My abilities with flint steel and char cloth are lacking at the moment. With the denatured alcohol I should be able to start fires easily enough, as long as I master the art of getting a spark to catch. I will bring a few lighter for emergency purposes and I hope I’m not tempted to use them.

lanternsFor lighting I have a tiny brass lantern from Panther Primitive which would hold a votive size candle. I will mainly rely on a kerosene hurricane which you can buy at gardening/hardware stores. Kerosene wasn’t introduced to the west until 1846 but I have no reliable source for whale oil… It seems prudent to bring a flashlight or headlamp in case of emergency, but I’d hate to give myself the option of taking the easy way out.


I’m in the process of making a leather sheath

I will need a modest supply of repair supplies for my gear and garments-needles, sinew/thread, shears, leather scraps. Also larger tools like a hatchet, folding saw, or trowel for handling obstacles and burying waste. I have a hand-forged throwing tomahawk which I plan on carrying at my waist in place of a hatchet. Lengths of rope and leather cords will undoubtedly be useful.

For navigation I have a reproduction of an 18th Century brass sundial compass and the USGS topo maps included in the Wilderness Press PCT Guides. I’m not yet sure if I should take the whole guide or try and photocopy the necessary pages to save space and weight. I also have a brass spyglass, which seems like a must for any would be explorer.


I intend to keep a detailed journal throughout my journey, probably in pencil. Learning the use of a quill and ink might be overkill, but believe me I’ve considered it. Apparently the quills lose their edge rapidly-Lewis and Clark were continually crafting new ones on the trail from fowl they shot. I’ll have to add cursive alongside flint striking on my list of things to rapidly master…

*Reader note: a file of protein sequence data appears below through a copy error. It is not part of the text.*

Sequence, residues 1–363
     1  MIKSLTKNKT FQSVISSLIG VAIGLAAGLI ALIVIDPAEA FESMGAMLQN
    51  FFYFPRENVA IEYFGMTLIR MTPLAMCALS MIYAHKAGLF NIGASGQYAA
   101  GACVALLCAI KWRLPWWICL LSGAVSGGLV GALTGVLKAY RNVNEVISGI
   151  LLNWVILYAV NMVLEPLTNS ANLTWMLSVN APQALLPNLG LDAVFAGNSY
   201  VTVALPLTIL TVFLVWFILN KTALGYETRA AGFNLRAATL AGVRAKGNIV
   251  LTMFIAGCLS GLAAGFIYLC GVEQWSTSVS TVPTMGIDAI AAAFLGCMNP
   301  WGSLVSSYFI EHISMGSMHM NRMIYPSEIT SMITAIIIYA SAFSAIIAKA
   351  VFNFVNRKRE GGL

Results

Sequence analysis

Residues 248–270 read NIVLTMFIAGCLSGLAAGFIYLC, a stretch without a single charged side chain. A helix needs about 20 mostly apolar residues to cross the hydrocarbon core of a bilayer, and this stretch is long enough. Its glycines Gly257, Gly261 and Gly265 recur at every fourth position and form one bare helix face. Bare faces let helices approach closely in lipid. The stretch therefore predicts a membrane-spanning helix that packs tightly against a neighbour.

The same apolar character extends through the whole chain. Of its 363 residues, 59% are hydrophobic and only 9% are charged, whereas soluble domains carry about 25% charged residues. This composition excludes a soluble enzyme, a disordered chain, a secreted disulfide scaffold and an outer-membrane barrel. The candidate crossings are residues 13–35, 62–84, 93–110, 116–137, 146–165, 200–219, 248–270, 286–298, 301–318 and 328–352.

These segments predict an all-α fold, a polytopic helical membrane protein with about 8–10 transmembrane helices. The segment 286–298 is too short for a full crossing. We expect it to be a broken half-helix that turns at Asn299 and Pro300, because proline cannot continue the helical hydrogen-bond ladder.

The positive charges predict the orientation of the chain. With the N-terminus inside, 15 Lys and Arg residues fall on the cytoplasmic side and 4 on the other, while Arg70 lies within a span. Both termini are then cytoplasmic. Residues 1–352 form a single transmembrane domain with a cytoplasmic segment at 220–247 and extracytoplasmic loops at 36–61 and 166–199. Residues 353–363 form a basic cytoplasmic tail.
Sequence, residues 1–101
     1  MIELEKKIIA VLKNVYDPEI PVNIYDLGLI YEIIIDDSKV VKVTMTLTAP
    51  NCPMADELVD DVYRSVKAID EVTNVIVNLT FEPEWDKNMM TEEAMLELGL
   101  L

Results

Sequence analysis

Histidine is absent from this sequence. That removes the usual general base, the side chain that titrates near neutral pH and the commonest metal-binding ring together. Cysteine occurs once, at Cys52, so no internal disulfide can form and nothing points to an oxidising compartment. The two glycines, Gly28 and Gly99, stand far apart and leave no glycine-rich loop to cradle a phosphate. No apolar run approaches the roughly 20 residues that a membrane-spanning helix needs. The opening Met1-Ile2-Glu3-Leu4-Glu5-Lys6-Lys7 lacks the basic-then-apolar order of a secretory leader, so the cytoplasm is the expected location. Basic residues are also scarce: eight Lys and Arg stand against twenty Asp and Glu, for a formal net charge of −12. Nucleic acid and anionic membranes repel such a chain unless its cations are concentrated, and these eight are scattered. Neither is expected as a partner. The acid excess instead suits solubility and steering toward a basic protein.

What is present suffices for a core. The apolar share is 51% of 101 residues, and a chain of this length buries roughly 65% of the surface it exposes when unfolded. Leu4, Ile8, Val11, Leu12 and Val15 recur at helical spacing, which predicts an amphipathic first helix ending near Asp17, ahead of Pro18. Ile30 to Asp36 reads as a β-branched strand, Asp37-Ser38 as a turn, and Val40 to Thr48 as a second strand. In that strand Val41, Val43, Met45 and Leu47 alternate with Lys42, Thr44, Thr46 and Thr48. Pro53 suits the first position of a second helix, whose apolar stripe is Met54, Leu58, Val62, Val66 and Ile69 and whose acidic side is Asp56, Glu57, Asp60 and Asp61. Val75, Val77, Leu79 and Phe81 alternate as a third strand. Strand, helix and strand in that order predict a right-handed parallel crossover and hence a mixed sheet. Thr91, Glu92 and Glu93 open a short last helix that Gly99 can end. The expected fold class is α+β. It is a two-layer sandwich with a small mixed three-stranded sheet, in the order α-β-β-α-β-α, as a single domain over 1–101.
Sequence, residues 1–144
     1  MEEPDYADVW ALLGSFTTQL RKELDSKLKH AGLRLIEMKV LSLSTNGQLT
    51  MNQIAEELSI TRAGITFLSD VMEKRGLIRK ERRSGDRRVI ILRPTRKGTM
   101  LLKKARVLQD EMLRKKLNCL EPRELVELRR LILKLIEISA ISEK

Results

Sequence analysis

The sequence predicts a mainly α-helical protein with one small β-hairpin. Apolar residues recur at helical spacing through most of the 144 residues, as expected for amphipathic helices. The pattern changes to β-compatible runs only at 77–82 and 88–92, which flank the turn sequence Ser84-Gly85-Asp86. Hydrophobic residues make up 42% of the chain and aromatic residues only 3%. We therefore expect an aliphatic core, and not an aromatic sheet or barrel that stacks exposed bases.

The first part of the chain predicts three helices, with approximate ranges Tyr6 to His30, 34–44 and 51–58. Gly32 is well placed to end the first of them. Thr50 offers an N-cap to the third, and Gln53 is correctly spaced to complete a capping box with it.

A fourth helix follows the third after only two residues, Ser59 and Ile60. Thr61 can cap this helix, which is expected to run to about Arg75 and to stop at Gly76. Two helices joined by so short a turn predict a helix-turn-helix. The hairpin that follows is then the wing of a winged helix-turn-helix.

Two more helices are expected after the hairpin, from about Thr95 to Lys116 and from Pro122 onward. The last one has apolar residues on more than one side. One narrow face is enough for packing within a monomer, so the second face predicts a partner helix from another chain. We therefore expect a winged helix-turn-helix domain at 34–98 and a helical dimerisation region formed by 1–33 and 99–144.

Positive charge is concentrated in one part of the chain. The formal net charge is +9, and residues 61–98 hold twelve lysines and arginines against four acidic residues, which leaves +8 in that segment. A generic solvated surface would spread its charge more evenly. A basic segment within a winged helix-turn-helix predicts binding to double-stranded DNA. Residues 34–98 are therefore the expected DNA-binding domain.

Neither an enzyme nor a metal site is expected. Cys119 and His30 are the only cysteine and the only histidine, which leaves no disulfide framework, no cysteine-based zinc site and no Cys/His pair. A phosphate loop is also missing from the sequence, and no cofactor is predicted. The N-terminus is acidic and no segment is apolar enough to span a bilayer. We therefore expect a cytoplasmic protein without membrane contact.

Some form of grease or tallow was valuable to trappers and explorers of yore for many uses: soothing chapped skin, keeping bugs away, waterproofing, lubrication. If there is room I’ll bring a pint or two of pure grain alcohol. I can use it as a disinfectant, grease cutter, fire starter, sleep aid, or anesthetic if I need to amputate something.

I probably won’t take a GPS, but I’ll certainly take a satellite phone to help coordinate my resupplies. If I have my way it will never be used, the details of the resupply being hammered out at the prior rendezvous. I suppose I’ll need a solar charger for it too. I’m a musical person, so it seems apropos to take a harmonica or pennywhistle so I can make a little tune now and then.

Absent from this list is any kind of medical supplies. Western medical knowledge and practice was so misguided and useless during this time period that any supply list I might try and replicate would be wasted space. Common sense and prudence will be my first line of defense, after that the grain alcohol. Hopefully I won’t need the needles and sinew.


13 Responses to “Gear”

  1. Jenney says:

    Wow! This sounds like an amazing adventure. I’ve entertained thoughts of hiking the PCT before, but never in such an impressive manner. I wish you all the best! By the way…I’ve been studying herbal medicine for a few years, and there are plenty of things you can make use of in emergency situations out on the trail. Most of the medicine used at that time would leave you in worse shape than you started, but herbs can be really effective for anything from stopping bleeding (the leaves of anything in the rose family like blackberry, thimbleberry, etc.) to treating infection (the root of Oregon grape). There are plenty of books out there that can give you an idea of the herbs found in the areas you’ll be hiking.
    I hope you have a profoundly wonderful trip!
    Jenney Lee (from CHS)

  2. bronze says:

    That’s a great idea about the herbs–I hadn’t though of it. I will definitely look into finding a resource for local herbology. I expect inflammation and intestinal problems will be my main concerns so hopefully there will be something useful out there for me. Thanks for taking a look!

  3. Andrew says: